Godzilla vs. Kong

Monster Mash

Warzone Godzilla update sounds rad, but the timing couldn't be worse

Activision has other things to worry about right now.

Warner Bros.

On April 13, 2022, Activision revealed a trailer for a future Call of Duty update, with an intriguing tease that could point to the inclusion of Godzilla and King Kong (we aren’t joking).

This seemingly corroborates industry insider Tom Henderson’s February 2022 Xfire report, which claims the two monsters will be added to Warzone and Vanguard soon—possibly as a limited-time event similar to Fortnite’s massive end-season boss battles. While this sounds like an exciting premise that could reinvigorate the COD franchise, Warzone’s rocky state and Activision’s worsening legal issues mean the timing of the announcement especially unfortunate.

Timing is everything

It’s probably not a coincidence that on the day of this Warzone tease and the reveal of a new Overwatch 2 character, a bombshell Bloomberg story claimed California Governor Gavin Newsom “interfered” with the ongoing Activision discrimination lawsuit in order to secure a more favorable outcome for the embattled company, causing a top lawyer to resign. It’s as if Activision had both announcements in its back pocket and was saving them for a rainy day.

The timing of the Warzone tease is suspicious, likely published to distract from the ongoing Activision scandal.

The timing of the announcement undermines the hard work done by the developers across both teams. It’s hard to shake the feeling that Activision has prioritized preserving its image rather than making fun experiences for players. If the Call of Duty Godzilla tease had come at literally at any other time, it might have seemed like a more genuine attempt to appeal to fans. Sure, many massive companies are sleazy, but it feels like Activision isn’t making any effort whatsoever to hide it anymore.

Warzone still needs work

Beyond the ongoing legal battle at Activision, Warzone itself still needs a lot of work. Sure, it’s a far cry from its terrible state of six months ago, but the idea of a massive event featuring Godzilla and King Kong is worrisome for reasons that extend beyond its parent company’s legal woes.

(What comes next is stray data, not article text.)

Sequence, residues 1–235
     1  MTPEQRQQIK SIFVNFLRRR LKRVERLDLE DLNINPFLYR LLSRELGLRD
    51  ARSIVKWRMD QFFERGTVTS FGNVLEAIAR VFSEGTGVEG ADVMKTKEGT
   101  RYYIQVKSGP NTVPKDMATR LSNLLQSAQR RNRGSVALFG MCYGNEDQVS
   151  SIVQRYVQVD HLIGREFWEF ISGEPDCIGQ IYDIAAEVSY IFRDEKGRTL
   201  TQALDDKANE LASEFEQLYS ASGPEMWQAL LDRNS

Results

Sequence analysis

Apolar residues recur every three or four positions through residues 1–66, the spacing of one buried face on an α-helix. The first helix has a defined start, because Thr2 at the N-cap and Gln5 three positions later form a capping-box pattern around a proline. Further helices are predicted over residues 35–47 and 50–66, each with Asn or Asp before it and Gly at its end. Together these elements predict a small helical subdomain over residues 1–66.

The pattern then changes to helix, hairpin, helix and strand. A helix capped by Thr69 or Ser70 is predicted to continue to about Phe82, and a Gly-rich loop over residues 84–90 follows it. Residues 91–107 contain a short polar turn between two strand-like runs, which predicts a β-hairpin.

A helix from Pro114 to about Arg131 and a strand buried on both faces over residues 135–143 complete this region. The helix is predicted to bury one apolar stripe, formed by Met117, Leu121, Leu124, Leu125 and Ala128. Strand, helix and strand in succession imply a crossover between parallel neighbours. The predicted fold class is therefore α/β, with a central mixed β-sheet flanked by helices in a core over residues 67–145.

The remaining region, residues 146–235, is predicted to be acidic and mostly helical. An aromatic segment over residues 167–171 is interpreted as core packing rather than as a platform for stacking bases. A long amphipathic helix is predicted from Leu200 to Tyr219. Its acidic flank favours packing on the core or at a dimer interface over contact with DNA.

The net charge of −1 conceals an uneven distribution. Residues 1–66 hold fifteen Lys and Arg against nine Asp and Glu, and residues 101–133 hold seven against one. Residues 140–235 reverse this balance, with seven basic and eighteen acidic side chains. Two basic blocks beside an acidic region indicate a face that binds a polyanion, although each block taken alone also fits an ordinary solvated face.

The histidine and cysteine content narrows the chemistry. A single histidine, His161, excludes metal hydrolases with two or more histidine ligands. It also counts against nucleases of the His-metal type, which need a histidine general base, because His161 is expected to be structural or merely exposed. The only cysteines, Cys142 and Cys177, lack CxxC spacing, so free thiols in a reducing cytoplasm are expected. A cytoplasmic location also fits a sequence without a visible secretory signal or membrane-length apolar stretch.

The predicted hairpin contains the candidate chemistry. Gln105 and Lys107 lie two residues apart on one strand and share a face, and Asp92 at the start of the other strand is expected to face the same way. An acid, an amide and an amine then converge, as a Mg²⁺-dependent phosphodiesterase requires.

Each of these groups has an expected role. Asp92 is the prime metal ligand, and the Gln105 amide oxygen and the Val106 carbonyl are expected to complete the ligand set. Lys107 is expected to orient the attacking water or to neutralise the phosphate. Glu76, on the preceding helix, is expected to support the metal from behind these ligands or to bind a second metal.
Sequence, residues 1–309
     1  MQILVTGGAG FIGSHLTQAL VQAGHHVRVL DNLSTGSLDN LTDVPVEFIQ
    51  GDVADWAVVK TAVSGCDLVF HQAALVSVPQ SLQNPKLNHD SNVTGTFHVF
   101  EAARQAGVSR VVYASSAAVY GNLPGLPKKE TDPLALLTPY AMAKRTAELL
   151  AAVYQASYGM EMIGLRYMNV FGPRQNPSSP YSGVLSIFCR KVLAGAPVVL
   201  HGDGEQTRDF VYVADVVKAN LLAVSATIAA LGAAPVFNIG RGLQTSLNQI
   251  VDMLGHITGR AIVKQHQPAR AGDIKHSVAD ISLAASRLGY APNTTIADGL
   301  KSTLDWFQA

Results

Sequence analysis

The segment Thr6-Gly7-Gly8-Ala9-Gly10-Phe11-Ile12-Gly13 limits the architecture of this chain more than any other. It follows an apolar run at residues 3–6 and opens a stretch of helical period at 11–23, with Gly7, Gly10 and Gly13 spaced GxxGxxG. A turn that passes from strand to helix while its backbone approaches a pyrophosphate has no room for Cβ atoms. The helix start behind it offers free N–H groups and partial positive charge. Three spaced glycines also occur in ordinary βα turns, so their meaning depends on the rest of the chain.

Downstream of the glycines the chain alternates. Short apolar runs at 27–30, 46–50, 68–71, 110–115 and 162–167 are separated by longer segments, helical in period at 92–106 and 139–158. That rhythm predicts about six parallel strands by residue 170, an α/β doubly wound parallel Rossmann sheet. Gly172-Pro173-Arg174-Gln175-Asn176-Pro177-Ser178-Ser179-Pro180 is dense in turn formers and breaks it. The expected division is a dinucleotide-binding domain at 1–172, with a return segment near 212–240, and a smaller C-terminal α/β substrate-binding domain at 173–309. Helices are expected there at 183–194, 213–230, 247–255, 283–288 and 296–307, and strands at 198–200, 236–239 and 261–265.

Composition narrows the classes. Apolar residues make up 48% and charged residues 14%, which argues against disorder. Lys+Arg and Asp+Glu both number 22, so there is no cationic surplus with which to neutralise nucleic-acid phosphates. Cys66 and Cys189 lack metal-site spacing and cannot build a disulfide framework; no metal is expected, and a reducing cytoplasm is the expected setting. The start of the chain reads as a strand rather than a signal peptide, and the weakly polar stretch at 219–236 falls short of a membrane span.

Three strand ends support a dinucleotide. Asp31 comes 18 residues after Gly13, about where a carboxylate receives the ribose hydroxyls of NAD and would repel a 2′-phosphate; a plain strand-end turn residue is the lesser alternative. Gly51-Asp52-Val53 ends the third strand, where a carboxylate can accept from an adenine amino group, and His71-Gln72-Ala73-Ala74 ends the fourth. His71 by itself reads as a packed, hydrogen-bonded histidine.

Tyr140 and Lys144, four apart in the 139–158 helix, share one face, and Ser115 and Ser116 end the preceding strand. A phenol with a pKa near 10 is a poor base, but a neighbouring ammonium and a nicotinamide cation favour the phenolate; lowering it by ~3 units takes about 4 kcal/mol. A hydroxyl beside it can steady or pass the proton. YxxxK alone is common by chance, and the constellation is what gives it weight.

Although Warzone is in a decent spot, it still needs work. A massive Godzilla/King Kong event doesn’t bode well, at least not now. Activision

The dev team has addressed many of Warzone’s major issues, such as terrible texture pop-in, various bugs and glitches, invisible Operators, and entire assets failing to load. However, the game is still plagued by many smaller problems that indicate a lot more work needs to be done.

One such example is the Buy Station resetting back to the top selection as you scroll down, which can cause you to get eliminated if you’re unlucky. There’s also continued movement and manteling problems that make it easy to get stuck when trying to climb through windows, convoluted weapon stats, and worst of all, cheaters. Too many lost gunfights still end with players thinking “was that person cheating?”

We’d rather see Raven Software and the other Call of Duty teams take time to iron out these issues rather than implement a massive Godzilla event. Based on the developer’s track record, we don’t have much faith that a large-scale event like this would go well. Just look at the Cold War integration in 2020, or even worse, the Vanguard integration in 2021. Both took months to clean up, introducing mounds of problems that nearly made Warzone unplayable.

Infamously, the Vanguard integration rolled out with broken weapons and invisible buildings. So, even though the thought of two massive monsters duking it out sounds cool, right now it’s hard to trust Raven and Activision to pull it off without a hitch. As much as we’d love to see Call of Duty feature more Fortnite-like events with massive boss battles that emphasize scale, Activision and its studios have bigger problems to worry about right now.

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